Young people should emigrate now, says millionaire Brosnan
Multi-millionaire businessman Denis Brosnan has advised young people to emigrate as there won't be a job for them in Ireland for the next five years.
Offering his advice to the present generation of school leavers and college graduates, the founder of the hugely successful Kerry Group food company said: "Everybody has to try their best to pull through in whatever fashion they can.
"Maybe it's for another generation. You're not going to find jobs in this country for the next four or five years.
"So you can do two things -- you can go for further education if your parents or somebody else can keep you there. But if you can't, just go and emigrate because there are no jobs here. It's a very sad thing to have to say."
Mr Brosnan's blunt summation of the options facing the country's youth came in the course of an interview with the Sunday Independent in relation to the level of betting tax levied on bookmakers, an issue on which he is now focussed in his role as the chairman of Horse Racing Ireland (HRI).
As the Budget approaches, Mr Brosnan and his board are appealing to the Government to restore the levy from its current level of one per cent to the two per cent which had been charged up to 2001, in an effort to raise funds to support the ailing horse racing industry.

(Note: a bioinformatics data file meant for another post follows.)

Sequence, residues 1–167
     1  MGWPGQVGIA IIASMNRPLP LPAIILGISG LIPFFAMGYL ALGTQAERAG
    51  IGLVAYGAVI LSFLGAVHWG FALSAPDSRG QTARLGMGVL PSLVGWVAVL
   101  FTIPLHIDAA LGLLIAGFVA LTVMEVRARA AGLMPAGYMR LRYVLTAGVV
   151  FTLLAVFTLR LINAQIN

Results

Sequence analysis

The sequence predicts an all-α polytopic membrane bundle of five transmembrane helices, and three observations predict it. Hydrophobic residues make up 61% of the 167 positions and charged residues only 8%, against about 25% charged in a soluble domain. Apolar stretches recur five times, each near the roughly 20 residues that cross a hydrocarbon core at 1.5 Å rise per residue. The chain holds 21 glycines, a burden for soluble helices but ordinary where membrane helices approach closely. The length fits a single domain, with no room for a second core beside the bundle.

As it stands, both the horse racing and greyhound racing industries are heavily subsidised by the taxpayer. This is despite the fact that the amount of money bet through the country's bookmakers has increased from €1.3bn in 2001 to a massive €4.5bn in 2009.
Of the 2009 figure, some €3bn was bet in Ireland, delivering €31m in levies for the Exchequer, while €1.5bn was gambled off-shore, avoiding the payment of betting tax.
Had the levy remained at the two per cent charged up until 2001, the Exchequer would have collected €62m, reducing the requirement for the taxpayer to fund the horse racing industry significantly.
Should the Government fail to address the issue of the betting tax, Mr Brosnan believes the very survival of the Irish horse racing industry could be in jeopardy.
"Either the industry is bet-funded or we will have to write it off, as we have done with so many other industries," he said.
Mr Brosnan's fears would appear to be borne out by at least one crucial statistic. Such has been the decline in Irish horse racing, the number of foals registered has dropped from 12,800 in 2008 to 7,400 in 2010.
Comparing what he fears is happening in the racing industry now to the fate that befell Ireland's indigenous food production, Mr Brosnan said: "I've been steeped in the food industry for 35 years, and I saw the export of the food industry out of Ireland in the period from 1995 to 2005, where it and all the jobs associated with it, was effectively exported to the UK and Eastern Europe. During that period, the Government stood still and said it was all to do with cost and cost competitiveness.
"But Ireland was in a boom time and that industry got exported. It would be a great pity now if I had spent 20 years in another industry to see it at the end of its days also being exported."